Flying over a desert, Goku remarks that the first Dragon Ball is still a good distance away according to the radar. Elsewhere in the desert, Namu informs the villagers that although he lost the tournament, he's still managed to bring water for them all inside of a capsule that turns into a couple of massive water tanks. Namu gives thanks to Roshi for saving his village this way, but a problem still exists – even for a drought, it seems weird to Namu that the river has dried up as badly as it has. The village elder informs Namu that after he left it rained twice, but none of the water ever seemed to flow down to where they are for some reason. The elder wonders if something has happened upstream, and Namu offers to go investigate since even the water he's brought back will eventually run out.
Seeing how worried Namu is for his people, the elder tells him the legend of the wandering lake, a magical body of water that is said to move from place to place in the desert, and even once resided near the village. The elder remembers being told the story as a child and how it saved the village many times, but perhaps it was just a dream. Namu however wonders if there might be some truth to it.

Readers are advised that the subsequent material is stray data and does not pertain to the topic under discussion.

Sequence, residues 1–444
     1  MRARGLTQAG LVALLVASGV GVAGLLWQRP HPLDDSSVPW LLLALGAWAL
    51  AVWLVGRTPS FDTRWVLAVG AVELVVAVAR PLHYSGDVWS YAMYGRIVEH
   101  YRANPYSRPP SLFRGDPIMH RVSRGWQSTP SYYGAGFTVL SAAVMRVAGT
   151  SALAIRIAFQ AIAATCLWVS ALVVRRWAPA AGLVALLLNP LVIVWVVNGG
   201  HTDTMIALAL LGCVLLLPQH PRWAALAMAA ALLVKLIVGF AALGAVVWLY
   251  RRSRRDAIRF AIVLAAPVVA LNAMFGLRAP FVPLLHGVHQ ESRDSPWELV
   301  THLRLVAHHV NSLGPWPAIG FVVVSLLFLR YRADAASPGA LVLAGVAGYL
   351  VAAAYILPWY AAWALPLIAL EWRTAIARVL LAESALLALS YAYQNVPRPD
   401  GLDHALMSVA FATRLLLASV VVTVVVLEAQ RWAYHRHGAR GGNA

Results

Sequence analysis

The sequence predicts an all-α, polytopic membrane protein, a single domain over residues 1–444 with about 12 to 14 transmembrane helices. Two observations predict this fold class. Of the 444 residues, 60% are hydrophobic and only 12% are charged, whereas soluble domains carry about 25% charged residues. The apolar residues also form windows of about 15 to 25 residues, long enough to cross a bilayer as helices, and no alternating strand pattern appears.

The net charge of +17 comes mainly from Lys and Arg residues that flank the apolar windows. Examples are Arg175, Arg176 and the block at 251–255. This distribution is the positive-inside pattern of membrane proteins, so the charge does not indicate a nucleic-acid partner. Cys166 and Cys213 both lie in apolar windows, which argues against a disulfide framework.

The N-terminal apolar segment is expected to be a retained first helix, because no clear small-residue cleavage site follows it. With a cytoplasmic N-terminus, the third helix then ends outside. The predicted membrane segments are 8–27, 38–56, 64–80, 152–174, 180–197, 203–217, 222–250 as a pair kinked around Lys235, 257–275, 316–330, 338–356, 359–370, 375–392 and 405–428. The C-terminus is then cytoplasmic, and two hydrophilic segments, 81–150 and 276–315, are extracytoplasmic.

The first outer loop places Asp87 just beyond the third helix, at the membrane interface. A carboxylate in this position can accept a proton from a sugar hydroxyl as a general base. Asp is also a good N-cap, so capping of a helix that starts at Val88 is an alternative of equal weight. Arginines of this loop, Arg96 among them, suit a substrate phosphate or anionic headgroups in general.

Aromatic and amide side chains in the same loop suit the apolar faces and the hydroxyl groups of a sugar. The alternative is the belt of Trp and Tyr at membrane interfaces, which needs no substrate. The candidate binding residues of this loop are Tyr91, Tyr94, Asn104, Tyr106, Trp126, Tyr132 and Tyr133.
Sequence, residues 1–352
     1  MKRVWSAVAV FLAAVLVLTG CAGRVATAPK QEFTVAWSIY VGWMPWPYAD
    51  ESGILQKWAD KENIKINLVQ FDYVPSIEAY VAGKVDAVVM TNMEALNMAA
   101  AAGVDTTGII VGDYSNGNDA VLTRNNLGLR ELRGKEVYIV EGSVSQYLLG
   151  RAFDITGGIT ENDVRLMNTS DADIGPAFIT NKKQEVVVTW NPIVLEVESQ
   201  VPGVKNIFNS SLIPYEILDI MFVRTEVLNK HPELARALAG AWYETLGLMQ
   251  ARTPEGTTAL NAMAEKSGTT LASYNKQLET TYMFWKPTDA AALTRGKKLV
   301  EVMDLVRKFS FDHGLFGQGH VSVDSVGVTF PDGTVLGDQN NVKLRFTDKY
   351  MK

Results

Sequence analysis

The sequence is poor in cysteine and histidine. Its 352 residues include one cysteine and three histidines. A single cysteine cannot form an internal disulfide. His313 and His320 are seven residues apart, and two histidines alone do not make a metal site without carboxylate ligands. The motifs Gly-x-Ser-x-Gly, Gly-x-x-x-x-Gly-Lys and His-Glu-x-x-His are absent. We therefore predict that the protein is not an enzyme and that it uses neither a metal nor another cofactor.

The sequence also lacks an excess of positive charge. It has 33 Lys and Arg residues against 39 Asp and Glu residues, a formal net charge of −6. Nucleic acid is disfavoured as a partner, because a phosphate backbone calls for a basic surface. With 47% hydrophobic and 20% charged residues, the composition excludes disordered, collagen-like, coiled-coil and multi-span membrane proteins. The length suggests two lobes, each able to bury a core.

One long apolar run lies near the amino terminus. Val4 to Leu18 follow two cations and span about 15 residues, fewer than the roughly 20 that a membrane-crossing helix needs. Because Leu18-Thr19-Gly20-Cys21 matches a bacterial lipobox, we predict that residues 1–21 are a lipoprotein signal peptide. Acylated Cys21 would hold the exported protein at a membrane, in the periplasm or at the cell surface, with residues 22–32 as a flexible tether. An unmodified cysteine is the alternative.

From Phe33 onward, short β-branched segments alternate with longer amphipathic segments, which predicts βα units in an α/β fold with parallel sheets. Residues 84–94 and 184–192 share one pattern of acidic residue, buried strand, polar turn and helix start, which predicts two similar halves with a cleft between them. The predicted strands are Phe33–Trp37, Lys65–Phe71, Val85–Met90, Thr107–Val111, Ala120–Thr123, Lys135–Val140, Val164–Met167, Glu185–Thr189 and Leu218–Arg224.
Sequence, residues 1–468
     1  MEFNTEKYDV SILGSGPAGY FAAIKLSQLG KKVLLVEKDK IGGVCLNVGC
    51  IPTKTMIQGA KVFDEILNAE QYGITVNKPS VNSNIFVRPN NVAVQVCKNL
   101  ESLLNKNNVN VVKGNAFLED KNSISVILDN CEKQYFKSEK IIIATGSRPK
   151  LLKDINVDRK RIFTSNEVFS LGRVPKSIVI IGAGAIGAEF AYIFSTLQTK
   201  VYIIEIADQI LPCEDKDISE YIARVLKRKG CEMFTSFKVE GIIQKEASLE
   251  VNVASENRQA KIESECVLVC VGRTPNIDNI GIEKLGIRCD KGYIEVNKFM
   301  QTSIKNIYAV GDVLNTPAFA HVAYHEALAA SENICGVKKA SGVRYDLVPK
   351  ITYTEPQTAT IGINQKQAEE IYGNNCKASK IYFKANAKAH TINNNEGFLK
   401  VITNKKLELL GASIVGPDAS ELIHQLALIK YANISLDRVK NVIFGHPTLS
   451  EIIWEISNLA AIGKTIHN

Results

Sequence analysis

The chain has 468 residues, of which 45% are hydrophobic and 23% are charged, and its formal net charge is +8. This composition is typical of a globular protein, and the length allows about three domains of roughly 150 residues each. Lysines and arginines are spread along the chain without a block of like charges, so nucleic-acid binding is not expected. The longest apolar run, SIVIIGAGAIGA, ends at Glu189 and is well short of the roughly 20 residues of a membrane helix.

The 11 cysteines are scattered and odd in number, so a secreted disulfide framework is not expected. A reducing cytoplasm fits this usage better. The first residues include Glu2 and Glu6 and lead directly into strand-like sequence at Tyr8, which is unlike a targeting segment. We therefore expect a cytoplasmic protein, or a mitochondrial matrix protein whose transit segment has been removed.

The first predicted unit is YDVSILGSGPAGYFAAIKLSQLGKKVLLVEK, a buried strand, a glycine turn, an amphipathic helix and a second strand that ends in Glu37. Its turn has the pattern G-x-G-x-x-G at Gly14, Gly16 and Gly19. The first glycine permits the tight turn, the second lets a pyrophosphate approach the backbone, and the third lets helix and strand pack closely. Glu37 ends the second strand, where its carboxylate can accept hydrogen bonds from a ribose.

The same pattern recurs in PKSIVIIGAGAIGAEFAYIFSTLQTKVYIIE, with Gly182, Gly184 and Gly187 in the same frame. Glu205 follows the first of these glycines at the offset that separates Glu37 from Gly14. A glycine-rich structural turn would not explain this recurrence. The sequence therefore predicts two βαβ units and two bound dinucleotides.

Wandering the desert, Namu heads for the river's source but is attacked by a pterodactyl. Despite his best efforts, the able to grab hold of him and starts to take it back to it's nest for a meal. Nearby, Goku is still flying on kinto'un and starting to get thirsty from the heat, when he spots a pond in the distance. He dives in and swims around for a while until he sees the pterodactyl and Namu fly by overhead, and he hops back onto kinto'un and saves Namu by taking the pterodactyl out with his nyoibo before saving Namu from falling. After Goku figures out that Namu's a man by doing one of his pat-pat tests, he praises him for being the first man to be able to ride kinto'un.
Elsewhere in the desert, Bulma and the others have broken down due to running out of gas and are trying to stay out of the desert's heat. Bulma asks Oolong to turn into an umbrella, and Oolong says he doesn't want to, but Puar challenges him, saying he bets he actually can't turn into one. The goading works, and after he turns into an umbrella, Puar turns into a fan so that Yamcha and Bulma can cool down for a while, with Yamcha even suggesting they stay that way until night falls. As he starts to sweat, Oolong realizes he's been tricked.